Doc Searls's blog

Ten ideas about Ideas

Which has more leverage in the marketplace — A) disclosure or B) secrecy? Which is more supportive of growing markets — A) public infrastructure or B) private platforms? Which is better for inventive entrepreneurs — A) sharing one's great ideas to drive development and adoption, or B) patenting and keeping secret one's "intellectual property"?

I'm sure most Linux Journal readers would answer "A" to each of those questions, plus other questions like them. Yet I suspect that most venture capitalists would rather fund the "B" choices. more>>

Let's do for news what we did for software

There have always been problems with distributing urgent public safety information. These problems show up, over and over, with every hurricane, tornado, flood and wildfire. At this moment in history, problems fall in three areas of responsibility (and, for that matter, responsiveness):

The old official channels (radio, TV, newspapers) are scaling back on live news coverage (or on news coverage, period) The new official channels (web sites and services, "reverse 911") are still, as we've been saying since 1995, "under construction". The new unofficial channels (cell phones, blogs, RSS feeds, phone trees) are still no substitute for the Real Thing, whatever it will become.

Lately I've been thinking about some simple hacks we can do in #3 that will give some needed assistance to #s 1 and 2 as well. more>>

Turning the world I-side out

While huge progress has been made toward "user-centric" identity, I still have problems with "user-centric" anything. The point-of-view is still outside the user. It's still organizational, corporate. If you're "centric" about users, where are you? Right, outside the user. And inside something that's, well, not quite human. Or worse, that's super-human. Not a peer, but a superior.

Think about it: Are you "user-centric"? more>>

Making Peace (and/or products) with Marketing

There are a range of ways that marketing can relate to engineering. At one end are companies where engineering is the core competency and marketing "leadership" is an absurdity. At the other end are companies where marketing tells engineers what to do.

The most extreme example of the former comes from fiction. It's the nameless fictional company that employs the cartoon character Dilbert. In three daily Dilbert strips starting July 27, the character Alice -- a competent, under-appreciated and violence-prone engineer -- relates to marketing people by banging their heads on furniture. In one strip she tells a prospective employee, "I'm going to bonk your head on the table. If it sounds empty, you'll work in marketing."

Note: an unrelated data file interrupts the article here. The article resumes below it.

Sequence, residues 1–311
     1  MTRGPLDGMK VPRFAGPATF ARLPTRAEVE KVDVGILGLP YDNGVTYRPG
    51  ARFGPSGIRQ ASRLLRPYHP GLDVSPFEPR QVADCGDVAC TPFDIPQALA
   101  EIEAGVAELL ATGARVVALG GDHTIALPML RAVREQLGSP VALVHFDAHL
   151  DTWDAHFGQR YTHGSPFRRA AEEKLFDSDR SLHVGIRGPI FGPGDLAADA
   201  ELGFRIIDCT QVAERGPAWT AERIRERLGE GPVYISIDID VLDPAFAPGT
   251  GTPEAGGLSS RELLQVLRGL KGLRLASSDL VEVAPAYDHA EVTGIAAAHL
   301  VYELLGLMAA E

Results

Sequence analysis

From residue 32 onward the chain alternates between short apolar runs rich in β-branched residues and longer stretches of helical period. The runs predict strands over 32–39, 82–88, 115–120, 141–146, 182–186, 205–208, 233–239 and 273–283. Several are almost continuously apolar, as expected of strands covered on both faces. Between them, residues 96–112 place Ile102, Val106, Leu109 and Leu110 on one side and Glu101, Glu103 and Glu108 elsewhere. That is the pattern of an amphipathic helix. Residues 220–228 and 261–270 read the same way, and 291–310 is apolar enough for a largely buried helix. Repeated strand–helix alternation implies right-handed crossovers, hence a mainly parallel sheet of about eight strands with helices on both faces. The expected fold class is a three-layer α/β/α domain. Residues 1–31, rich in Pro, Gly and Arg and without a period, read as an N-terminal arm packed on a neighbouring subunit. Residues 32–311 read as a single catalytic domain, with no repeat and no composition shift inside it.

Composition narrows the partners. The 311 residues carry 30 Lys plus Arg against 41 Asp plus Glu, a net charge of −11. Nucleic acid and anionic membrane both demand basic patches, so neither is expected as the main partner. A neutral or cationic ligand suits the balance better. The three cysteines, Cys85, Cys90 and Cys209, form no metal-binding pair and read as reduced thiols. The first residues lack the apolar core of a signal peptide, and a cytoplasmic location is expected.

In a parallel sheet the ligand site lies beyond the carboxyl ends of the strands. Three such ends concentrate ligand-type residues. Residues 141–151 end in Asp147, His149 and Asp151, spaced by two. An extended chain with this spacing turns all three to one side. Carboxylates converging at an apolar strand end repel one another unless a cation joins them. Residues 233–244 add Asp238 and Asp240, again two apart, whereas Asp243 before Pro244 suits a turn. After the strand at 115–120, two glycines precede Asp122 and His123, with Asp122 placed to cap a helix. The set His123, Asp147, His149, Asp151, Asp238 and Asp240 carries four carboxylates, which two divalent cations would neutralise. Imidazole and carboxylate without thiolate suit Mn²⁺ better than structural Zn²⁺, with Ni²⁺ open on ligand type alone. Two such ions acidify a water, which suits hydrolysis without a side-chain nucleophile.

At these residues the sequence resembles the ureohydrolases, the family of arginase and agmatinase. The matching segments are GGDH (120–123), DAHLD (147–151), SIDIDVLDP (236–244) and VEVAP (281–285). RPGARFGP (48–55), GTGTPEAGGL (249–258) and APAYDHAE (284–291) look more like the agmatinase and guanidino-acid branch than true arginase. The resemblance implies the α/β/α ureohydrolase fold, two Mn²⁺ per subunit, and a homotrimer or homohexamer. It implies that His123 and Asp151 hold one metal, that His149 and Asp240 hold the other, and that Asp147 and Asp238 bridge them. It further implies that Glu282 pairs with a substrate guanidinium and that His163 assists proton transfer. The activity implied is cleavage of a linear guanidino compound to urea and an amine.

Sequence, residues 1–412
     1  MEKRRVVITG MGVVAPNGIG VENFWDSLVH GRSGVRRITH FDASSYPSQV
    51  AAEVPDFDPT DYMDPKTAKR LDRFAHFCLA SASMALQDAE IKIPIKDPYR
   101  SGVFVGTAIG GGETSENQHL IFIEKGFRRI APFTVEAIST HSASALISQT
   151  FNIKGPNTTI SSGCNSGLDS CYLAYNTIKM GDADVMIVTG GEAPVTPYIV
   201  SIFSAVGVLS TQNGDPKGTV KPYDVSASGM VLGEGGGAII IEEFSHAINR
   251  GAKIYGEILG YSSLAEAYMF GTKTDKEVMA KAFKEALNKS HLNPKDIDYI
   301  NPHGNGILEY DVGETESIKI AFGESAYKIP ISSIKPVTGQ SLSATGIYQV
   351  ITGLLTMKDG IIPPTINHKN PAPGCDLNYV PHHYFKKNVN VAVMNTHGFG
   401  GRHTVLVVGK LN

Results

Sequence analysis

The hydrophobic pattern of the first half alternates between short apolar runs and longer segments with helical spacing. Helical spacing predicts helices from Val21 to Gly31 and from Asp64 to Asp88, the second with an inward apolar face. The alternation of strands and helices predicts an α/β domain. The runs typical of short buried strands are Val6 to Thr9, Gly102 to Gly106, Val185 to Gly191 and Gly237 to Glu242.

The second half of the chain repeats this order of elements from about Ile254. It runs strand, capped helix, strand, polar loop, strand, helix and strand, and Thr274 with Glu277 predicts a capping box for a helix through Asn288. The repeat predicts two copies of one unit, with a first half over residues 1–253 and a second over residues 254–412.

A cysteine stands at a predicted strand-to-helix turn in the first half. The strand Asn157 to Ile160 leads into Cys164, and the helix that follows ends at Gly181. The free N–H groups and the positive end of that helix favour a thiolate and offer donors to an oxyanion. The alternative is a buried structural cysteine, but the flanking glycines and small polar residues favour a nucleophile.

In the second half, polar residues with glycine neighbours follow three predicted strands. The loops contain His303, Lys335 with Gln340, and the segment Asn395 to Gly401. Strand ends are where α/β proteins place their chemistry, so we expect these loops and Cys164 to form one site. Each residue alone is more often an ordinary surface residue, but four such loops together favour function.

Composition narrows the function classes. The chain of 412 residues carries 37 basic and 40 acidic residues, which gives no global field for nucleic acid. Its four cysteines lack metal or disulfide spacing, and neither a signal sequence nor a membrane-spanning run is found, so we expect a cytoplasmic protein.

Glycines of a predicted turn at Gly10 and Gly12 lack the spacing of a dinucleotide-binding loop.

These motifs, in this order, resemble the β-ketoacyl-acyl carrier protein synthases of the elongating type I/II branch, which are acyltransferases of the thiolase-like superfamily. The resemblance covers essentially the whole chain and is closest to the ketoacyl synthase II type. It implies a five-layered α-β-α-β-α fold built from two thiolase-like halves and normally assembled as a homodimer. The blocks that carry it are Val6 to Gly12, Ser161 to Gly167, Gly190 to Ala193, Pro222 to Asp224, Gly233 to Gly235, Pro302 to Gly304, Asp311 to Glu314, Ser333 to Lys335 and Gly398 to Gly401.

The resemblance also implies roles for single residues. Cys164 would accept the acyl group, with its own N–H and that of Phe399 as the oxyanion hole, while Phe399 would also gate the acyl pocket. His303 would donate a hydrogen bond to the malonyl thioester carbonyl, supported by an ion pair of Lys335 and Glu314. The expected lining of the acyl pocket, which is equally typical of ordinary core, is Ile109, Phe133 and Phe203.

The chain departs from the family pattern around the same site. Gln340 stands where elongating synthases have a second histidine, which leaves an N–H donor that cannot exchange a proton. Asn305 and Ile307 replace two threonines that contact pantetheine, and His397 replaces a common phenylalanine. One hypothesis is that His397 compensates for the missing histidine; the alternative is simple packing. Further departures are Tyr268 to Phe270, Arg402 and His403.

The most extreme example of the latter comes from reality, and stars in "The Phone Companies Still Don't Get it", by Mark Gimein, in the July 31, 2006 issue of BusinessWeek. more>>

Markets without Marketing

Next Tuesday at OSCON in Portland, I'll be giving a 3.5 hour tutorial titled Open Source Clue Training: How to Market to People Who Hate Marketing.

As I prepare for that, I thought I'd share some of the curriculum I've come up with. I'm looking for constructive feedback, suggestions and Stories From the Real World that might be useful to the tutorial. Here we go... more>>

From 0 to 1 in 100 years

Net Neutrality is a snowball.

That is, it's an idea that started small but grew steadily as it rolled forward, gaining mass and speed as it accreted the passions and opinions of many -- on all sides of the issue. Today the topic is so large and complex that it's hard to find where it began. It has also become so highly politicized that it may sink the telecom reform legislation that carriers have been working on since the last round of reform, in 1996. more>>

Mashing Up a Commons

Is it possible that, for all our talk about The Commons, the Net doesn't have one yet? Or at least not a complete one? more>>

The choice between bad and worse might get bigger

In the last several days a flurry of postings about a new company called piled up in my email box. Technorati finds 163 new posts on the subject. Google's Blogsearch finds 329. (As of 4:30am Friday morning, which is when I'm writing this.) The pile will get a lot higher before M2Z gets off the ground. Or buried under it. more>>

PIcasa on Linux, so far

Last week in New York, I shared a cab with a friend who works for Google. He was the guy who, with permission from his company, gave me a scoop that had to stay embargoed until 8pm Pacific time tonight (Thursday, as I write this), while I was out having an anniversary dinner with my wife.

What the hell, scoops are over-rated anyway. News is news. In this case, news that Google has released Picasa, its photo editing and organizing software, on Linux. That's before they release it on Apple (if they ever do). I believe this is a first. more>>

Localizing the Broadband Battle

If "all politics is local", as Tip O'Niell famously said, can't we say the same about all business? If so, maybe we should start walking our Net Neutrality talk on our own main streets. more>>

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